And then Gene finally decides to build the bass he's always wanted rather than try to modify production models or order custom instruments. In 1991 he began talks with B.C. Rich about producing an instrument of his design, possibly at the behest of Paul who had been playing his beloved Eagles (and a few other models) since 1983. First off the drawing-board seems to have been the prototype that was auctioned off in 2001 (see below). Apart from the obvious difference in the horns this bass also featured a shorter scale. The auction catalog managed to suggest a 1995 date for this prototype which is off by only about 4 years. (More on this later on.)
Production numbers and most technical details in this section comes courtsey of B.C. Rich collector Dude With Stuff.
The second Punisher design turns up in the 1992 B.C. Rich catalog and some related advertisements but it doesn't really look like the Punisher we know. These were supposed to be the production models and they had a bolt-on neck, pointy headstock, a single humbucker and a "money bag" inlay pattern. However, I'm inclined to believe that only one bass in this configuration was ever built. All known photos (one or possibly two photo shoots and the pic of the instrument itself in the catalog which was also used in ads) are of the same instrument with the exact same signature dated "Dec. '91". One of ads of the day that features the second prototype (the "Gene Simmons blew his mind..." ad) notes that the Revenge album is out which means that it was in print by May of 1992.  Although the dating of the various ads is unknown I'm inclined to believe that the picture-less, albeit highly optimistic, ad to the right here replaced the earlier ads while the production model was re-made according to Gene's altered specs. Having a production instrument that didn't match Gene's stage instrument would surely have been a recipe for financial disaster. This would also go some way towards explaining the Punisher's abscence from the Unholy video and the short UK tour in May.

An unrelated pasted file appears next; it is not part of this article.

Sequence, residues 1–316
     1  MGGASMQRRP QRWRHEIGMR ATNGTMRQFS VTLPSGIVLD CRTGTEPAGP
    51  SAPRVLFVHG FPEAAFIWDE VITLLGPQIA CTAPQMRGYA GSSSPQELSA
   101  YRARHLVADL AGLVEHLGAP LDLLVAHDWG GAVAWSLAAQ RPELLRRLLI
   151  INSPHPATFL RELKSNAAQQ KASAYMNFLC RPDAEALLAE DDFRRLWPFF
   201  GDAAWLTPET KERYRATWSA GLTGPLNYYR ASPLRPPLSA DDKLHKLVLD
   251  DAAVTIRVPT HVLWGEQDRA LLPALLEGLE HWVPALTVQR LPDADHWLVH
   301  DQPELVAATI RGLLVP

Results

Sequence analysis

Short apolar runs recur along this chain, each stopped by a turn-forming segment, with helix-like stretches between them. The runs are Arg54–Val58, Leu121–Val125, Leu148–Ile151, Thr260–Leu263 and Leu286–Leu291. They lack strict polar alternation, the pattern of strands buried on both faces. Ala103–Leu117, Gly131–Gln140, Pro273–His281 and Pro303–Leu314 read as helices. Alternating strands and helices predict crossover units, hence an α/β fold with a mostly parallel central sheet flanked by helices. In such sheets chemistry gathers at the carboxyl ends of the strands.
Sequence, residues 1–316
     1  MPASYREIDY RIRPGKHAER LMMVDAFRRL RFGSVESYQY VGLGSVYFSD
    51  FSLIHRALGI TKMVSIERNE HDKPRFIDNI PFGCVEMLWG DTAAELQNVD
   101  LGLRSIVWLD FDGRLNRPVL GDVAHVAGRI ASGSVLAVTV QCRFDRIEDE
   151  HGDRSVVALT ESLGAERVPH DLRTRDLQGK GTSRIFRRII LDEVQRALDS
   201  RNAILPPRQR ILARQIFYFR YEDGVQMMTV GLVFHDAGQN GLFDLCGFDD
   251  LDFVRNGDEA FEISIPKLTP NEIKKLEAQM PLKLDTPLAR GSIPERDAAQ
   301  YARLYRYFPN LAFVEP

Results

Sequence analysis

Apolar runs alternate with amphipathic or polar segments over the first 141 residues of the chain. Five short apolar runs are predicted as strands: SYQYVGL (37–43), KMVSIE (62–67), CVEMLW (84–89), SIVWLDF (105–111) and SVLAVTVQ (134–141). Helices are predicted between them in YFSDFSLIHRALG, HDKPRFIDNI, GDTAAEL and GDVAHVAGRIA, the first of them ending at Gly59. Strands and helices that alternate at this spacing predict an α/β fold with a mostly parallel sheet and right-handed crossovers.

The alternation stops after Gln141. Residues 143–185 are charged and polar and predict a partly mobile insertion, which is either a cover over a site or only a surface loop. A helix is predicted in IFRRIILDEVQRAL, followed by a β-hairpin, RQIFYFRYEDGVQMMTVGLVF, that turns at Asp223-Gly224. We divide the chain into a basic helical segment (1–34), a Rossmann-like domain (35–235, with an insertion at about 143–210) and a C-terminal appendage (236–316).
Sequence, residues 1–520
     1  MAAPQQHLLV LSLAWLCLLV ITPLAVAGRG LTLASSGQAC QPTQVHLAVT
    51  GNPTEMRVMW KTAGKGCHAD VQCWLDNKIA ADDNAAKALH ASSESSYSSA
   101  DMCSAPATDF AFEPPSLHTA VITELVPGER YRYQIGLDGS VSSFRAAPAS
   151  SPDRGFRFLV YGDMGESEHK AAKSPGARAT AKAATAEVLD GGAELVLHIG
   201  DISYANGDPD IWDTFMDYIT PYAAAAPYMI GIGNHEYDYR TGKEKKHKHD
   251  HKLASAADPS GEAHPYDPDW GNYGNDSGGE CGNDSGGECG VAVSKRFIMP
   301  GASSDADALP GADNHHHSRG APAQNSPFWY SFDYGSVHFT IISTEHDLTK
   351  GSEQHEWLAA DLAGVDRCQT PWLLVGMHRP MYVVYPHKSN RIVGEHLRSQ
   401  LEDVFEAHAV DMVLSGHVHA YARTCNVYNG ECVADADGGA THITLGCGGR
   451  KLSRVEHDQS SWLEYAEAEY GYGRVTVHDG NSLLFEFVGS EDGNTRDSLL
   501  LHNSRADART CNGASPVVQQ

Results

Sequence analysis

At least one Punisher made the trip to the UK in May of 1992. The one that would become his #1 for the beginning of the Revenge tour was a "standard" Punisher with black paint job and outline "pinstriping" in white both on the body and the headstock. The pickup configuration is a P-style and a J-style EMG. Curiously enough considering the pickups the controls are limited to a single volume knob (which was the case for all the Punishers Gene played during this time). A mirror skull pickguard completes the look. Pics below show this bass from the Revenge tour and the video clips come from the I just wanna video and opening night in Allentown 92.10.01.
In 1991-1992 the B.C. Rich custom shop produced 19 Punishers. Serial numbers for this run were 01 through 19 which isn't the way B.C. Rich usually numbers guitars. Gene had his pick of this first run.

1992-93 saw roughly 10 more Punishers leave the custom shop making the total number of neck-through Punishers made by B.C. Rich less than 30.

Look closely and you can have the distinct pleasure of seeing Paul play this bass in the video for Domino.